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CHOOSING an ergonomic chair is a bit like shopping for a new dress or suit – it’s best to try before you buy.

While ergonomic chairs can reduce the likelihood of developing posture-related ailments, the range of chairs on the market makes careful choice imperative, according to Perth’s posture experts.

While price at the bottom-end of the scale should determine a chair’s basic ergonomics, when you get past the $400 mark it becomes a matter of extras.

Optima Risk Management director Terry Jones said many people attributed a chair’s quality to the way it looked and failed to assess its ergonomic ability.

“The criteria you are looking for may not be reflected in the eye of the purchaser,” he said.

“People look at leather and say: ‘It’s a quality chair’. They look at a high back and assume it’s an executive chair and is a good chair. They also look at the seat and equate a good seat with one that is deep, wide and high. This couldn’t be further from the truth.

“People overspend and are persuaded by the executive look over the design.”

WorkSafe senior ergonomist Rod Powell said people considering buying an office chair should find a chair to suit their occupation and not get caught up in the aesthetics.

“If you do a lot of keyboarding then it’s not recommended that you have a chair with arm rests,” he said.

“You need a chair that’s high enough. The ideal position is to have your elbows at the same height as your desk … you need good lumbar support. The leather ones sometimes don’t have that.”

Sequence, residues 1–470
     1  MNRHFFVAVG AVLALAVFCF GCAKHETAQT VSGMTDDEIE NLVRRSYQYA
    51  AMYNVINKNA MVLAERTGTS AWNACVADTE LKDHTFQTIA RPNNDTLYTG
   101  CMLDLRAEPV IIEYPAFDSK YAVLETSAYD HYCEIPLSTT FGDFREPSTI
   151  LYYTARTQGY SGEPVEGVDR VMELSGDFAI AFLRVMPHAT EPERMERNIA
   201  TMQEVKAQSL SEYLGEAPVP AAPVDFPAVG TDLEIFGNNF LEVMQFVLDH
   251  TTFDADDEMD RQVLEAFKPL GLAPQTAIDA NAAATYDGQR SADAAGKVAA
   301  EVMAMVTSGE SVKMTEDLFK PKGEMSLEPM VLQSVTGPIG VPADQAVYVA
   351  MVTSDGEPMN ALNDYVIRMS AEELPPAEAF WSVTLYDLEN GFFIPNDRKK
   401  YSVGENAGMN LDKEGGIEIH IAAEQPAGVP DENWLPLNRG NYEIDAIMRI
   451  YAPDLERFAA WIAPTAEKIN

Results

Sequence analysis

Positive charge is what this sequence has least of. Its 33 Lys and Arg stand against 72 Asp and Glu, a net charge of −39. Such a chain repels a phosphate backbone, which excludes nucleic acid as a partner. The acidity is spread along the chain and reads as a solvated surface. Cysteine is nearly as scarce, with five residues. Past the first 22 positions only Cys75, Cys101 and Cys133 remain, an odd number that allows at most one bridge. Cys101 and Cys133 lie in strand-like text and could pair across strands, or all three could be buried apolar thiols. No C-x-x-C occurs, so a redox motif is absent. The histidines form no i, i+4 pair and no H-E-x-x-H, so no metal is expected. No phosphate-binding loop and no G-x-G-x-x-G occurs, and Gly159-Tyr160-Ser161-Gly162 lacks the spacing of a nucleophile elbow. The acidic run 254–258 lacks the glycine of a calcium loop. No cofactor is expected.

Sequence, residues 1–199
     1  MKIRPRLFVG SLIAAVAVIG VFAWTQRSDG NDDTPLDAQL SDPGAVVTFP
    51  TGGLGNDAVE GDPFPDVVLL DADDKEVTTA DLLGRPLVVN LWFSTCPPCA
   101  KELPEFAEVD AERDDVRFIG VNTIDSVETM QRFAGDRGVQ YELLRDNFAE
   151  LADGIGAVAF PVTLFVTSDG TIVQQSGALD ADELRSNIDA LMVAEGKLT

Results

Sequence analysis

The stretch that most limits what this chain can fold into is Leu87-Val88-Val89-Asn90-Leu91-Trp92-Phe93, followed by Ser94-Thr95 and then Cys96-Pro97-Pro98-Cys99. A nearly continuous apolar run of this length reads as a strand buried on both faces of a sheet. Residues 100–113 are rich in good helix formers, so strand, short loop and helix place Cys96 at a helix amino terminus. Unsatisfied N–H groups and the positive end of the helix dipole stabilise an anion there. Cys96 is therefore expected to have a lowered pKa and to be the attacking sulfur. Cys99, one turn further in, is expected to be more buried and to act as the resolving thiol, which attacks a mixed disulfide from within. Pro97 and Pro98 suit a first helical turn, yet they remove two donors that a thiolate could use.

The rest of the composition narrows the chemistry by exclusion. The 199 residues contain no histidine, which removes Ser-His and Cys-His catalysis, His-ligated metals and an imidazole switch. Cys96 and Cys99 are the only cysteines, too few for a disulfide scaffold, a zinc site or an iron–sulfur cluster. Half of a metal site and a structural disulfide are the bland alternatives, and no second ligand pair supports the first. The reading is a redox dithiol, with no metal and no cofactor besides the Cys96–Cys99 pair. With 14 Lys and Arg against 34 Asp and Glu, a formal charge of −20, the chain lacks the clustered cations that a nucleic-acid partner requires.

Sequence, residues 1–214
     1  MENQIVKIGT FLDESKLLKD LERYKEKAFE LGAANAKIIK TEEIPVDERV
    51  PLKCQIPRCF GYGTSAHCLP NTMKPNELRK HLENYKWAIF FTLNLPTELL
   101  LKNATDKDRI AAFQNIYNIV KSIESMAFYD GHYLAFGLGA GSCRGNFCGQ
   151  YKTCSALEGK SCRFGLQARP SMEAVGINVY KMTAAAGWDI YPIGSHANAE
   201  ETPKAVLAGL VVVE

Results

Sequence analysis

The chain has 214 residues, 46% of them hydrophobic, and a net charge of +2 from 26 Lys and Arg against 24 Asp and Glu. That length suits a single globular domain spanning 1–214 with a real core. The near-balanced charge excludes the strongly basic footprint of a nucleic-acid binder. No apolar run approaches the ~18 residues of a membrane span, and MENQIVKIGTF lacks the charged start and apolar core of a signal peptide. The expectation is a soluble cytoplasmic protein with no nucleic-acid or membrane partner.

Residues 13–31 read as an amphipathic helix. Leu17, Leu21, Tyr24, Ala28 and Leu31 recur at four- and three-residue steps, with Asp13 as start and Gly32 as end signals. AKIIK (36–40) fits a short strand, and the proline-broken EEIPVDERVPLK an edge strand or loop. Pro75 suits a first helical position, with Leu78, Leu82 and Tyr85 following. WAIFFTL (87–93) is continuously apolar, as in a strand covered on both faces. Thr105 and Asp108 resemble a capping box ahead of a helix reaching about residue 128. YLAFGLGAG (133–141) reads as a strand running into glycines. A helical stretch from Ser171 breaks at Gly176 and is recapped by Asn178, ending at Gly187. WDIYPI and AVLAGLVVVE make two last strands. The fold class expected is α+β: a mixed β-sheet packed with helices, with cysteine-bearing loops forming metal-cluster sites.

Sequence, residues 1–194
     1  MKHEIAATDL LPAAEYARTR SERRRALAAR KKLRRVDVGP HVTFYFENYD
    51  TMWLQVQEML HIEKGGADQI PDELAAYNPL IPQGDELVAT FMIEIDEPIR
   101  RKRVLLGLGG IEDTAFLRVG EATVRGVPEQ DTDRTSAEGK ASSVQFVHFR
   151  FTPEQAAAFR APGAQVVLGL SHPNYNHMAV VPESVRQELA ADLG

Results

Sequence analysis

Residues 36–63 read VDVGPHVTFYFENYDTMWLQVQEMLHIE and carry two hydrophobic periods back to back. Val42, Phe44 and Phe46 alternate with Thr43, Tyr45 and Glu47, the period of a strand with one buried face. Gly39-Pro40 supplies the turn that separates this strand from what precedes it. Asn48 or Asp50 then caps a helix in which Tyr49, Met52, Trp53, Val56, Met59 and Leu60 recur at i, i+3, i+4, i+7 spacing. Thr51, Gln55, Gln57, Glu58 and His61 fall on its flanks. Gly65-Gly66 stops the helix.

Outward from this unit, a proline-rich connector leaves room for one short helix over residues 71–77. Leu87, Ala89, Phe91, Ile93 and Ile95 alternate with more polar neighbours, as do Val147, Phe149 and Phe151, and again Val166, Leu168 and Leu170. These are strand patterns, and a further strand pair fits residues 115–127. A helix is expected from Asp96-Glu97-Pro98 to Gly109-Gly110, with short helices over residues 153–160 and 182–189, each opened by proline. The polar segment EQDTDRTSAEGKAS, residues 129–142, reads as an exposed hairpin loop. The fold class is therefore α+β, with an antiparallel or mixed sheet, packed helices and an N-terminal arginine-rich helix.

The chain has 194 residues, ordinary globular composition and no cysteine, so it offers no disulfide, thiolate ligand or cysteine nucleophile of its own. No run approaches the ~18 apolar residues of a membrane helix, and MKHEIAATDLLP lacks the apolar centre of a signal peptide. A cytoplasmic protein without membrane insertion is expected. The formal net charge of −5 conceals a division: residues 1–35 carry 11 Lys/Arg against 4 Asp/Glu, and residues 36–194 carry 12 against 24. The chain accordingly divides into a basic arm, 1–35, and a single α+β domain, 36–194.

Mr Jones said a common mistake was to buy a high back chair with no adjustments.

“It’s a mistake to buy a chair without a back rest height adjustment. Also, if the seat is too deep you can’t get good lumbar support,” he said.

Mike Hopkins Furniture sales consultant Leigh Sutcliffe said there were more expensive chairs on the market that did not provide as good lumbar support as the cheaper counterparts.

Mr Powell said that, as most chairs were designed on the law of averages, those buying for a large number of people could assume 90 per cent of the workforce would find them suitable. However, he said it was a good idea to offer choice.

Fitballs are also finding a niche in many workplaces, and while physios and gym experts are convinced of the balls’ benefits for posture and prevention of back injuries, workplace ergonomic experts are not convinced on their practicality.

Thinkfit director Janine Browne teaches health practitioners how to use the balls she sells, SmartBalls, and said people needed to be wary of cheaper balls on the market.

“You need to make sure the ball has an anti-burst rating. That means, say if it is in a workplace, rolling over a sharp object won’t cause it to explode,” Ms Browne said. “If you do not have a quality ball it will roll over the sharp object and explode like a balloon.”

She said the balls helped promote good posture.

“Usually when you sit in a chair you have static posture, there is no movement in the joints,” Ms Browne said. “On the ball there are small movements that manipulate the joints and lubricate them. It promotes an awareness of posture.

“You can still slump, you have to be aware of you are sitting on the ball.

She said the balls were not designed to replace office chairs.

“We recommend you share the ball between four people and rotate it around the group at 15-minute intervals,” Ms Browne said.

Mr Jones said that, while the balls offered health benefits, he would not recommend them for use in the workplace.

“From a therapeutic point of view they are very good but as a seat it is incredibly unstable. It does promote dynamic posture but there is a high risk of falling off and you have workers’ compensation issues,” he said.

“It’s not that it doesn’t promote posture it’s the inherent risk. The hazard potential is too great.”

WorkSafe is currently assessing the use of fitballs and will hand down a report later this month.

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